Graded on a Curve: America,
Perspective

Talk about the Fall of America. By 1984 the folk-rock trio that gave us “Horse with No Name,” “Ventura Highway,” and “Sister Golden Hair” had been reduced to a duo (multi-instrumentalist and vocalist Dan Peek quit the fold in 1977), barely broke the top 200 with its LP of the same year Perspective, had but one charting single worth mentioning since 1976, and become such a poor concert draw that in one notable instance they were reduced to playing a bowling alley. You could almost hear that horse with no name whinnying, “Who are the no namers now?”

But America wasn’t about to lower the flag. Believers in the principle that desperate times call for really stupid measures, on 1984’s Perspective the band’s remaining members Dewey Bunnell and Gerry Beckley decided to get with the times and update their sound with synthesizer players (eight in all) and drum machines. This was akin to Emerson, Lake and Palmer tossing their $8 million of state-of-the-art musical equipment to become a ukulele trio.

America were one of many representatives of the early seventies Southern California folk rock dream, this despite such risible lines from “Horse with No Name” as “the heat was hot” and Randy Newman’s hilarious dismissal of the song’s subject as “a kid who thinks he’s taken acid.” But “Ventura Highway” is almost as good a freewheeling song about chilling on the road as the Eagles’ “Take It Easy,” and four of the band’s five LPs broke into the American Top 10. But by 1979’s Silent Letter, America had permanently lost the plot. Even John Denver, that chipmunk epitome of the un-hip, maintained a tenuous grip on the pop charts until 1983’s It’s About Time.

You can tell from Perspective’s cover that times had been a changin’, and not for the better. Gone are the long hair and iconic imagery of the American West, replaced by Bunnell and Beckley standing before an image of a high-rise that seems to climb to infinity. They’re wearing sports coats, a pathetic image remake if there ever was one, and Beckley appears to have ripped his off the back of Miami Vice’s Don Johnson.

More importantly, gone are the MOR charms of such early seventies hits “Sandman” and “Lonely People.” In their stead you get generic ’80s synthpop dreck. Time was Bunnell and Beckley wrote their own songs; on Perspective Beckley gets two sole songwriting credits, with one or the other of the duo getting co-songwriting credits on four more. The remaining songwriting credits go mostly to slick pros and producers, only two of whose names—Jimmy Webb and Journey’s Steve Perry—will strike a chord with your average pop music listener.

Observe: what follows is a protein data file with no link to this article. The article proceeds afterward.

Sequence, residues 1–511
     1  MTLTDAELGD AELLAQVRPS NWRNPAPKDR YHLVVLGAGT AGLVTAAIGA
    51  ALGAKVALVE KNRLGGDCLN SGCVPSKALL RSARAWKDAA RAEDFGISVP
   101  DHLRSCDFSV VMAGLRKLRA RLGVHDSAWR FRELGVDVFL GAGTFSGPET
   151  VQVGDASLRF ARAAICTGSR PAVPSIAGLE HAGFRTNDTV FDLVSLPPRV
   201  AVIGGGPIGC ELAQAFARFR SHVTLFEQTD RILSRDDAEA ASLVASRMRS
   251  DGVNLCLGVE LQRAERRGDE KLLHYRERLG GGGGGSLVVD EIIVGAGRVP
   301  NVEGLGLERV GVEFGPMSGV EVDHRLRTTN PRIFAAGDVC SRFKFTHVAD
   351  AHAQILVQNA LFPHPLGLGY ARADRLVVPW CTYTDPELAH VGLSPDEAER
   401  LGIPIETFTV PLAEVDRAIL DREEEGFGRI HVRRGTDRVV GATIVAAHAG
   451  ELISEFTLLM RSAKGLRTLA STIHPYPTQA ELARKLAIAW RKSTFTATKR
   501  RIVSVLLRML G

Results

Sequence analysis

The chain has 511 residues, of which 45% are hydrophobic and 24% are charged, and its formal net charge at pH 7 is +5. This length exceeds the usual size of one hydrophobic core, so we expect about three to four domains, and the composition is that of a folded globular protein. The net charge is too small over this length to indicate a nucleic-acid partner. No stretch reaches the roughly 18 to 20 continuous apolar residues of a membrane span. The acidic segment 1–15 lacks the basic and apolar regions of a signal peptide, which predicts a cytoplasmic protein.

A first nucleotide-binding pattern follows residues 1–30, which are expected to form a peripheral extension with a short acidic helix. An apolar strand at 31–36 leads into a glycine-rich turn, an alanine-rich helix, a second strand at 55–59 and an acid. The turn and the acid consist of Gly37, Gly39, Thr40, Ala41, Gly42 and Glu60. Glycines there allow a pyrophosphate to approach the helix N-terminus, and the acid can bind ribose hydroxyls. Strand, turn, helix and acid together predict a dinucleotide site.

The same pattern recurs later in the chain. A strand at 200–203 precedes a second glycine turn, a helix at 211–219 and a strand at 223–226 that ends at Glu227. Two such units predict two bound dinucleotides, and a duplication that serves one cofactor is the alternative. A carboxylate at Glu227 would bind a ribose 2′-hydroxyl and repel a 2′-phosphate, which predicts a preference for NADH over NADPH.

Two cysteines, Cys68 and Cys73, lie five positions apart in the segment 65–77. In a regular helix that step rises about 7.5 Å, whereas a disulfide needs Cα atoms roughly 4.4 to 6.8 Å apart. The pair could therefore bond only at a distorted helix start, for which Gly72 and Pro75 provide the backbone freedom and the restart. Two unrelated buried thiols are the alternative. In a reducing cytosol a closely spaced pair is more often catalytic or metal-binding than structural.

The results aren’t unlistenable, but one can only wonder who would listen to them. Only “Stereo,” a stripped-down tune featuring Beckley’s familiar vocals shows a spark of—albeit faintly—the America of yore. “Unconditional Love,” on which Bunnell takes the lead, is no worse than many of the songs you could hear on the radio during the benighted era, and features the duo’s vocal harmonies to great effect.

And that’s it, aside from “Lady with a Bluebird,” which boasts a negligible reggae beat but at least differentiates itself from such personality-free and lackluster contributions to the ’80s synth and programmed drum trash heap. The remaining songs on Perspective are alternately upbeat (“We Got All Night” and “See How the Love Goes,” to name but two) or ballads (“Fifth Avenue” and “Special Girl” to name but two more), with several (“Cinderella” being the worst) worthy of being singled out for special opprobrium.

The album’s only conceivable plus are its echoes of the commanding vocal harmonies that made the America of the mid- to late seventies a commercial success. The overriding question is why anyone would want to hear them wasted on vinyl. Mock “Horse with No Name” if you will—Tom Waits memorably said of it, “How about ‘I rode through a desert on a horse with no legs’? That I can see.” But the song had character and you would have to be living in the catacombs beneath Paris not to know it, which is plenty more than you can say about the songs on Perspective.

I look back on America’s commercially successful folk-rock songs with fondness—”Ventura Highway” is a classic of its genre—and it’s sad to hear them throw in their lot with the faceless many. And while it would be nice to know they’ve resurrected themselves on the nostalgia circuit—there are, or at least you would think—many who would love to hear them again—only one of Perspective’s eleven recordings charted, and it didn’t break the Top 100.

Perspective is what happens when a truly desperate band sacrifices everything that made it special in an attempt to keep us with the times. America sold their soul and got nothing in return. Waits was right in the end—America wound up a horse with no legs, and Perspective makes for very sad and painful listening. Talk about your bowling alleys; Perspective is a gutter ball, with the bowling bumpers for kids up, no less.

GRADED ON A CURVE:
D-

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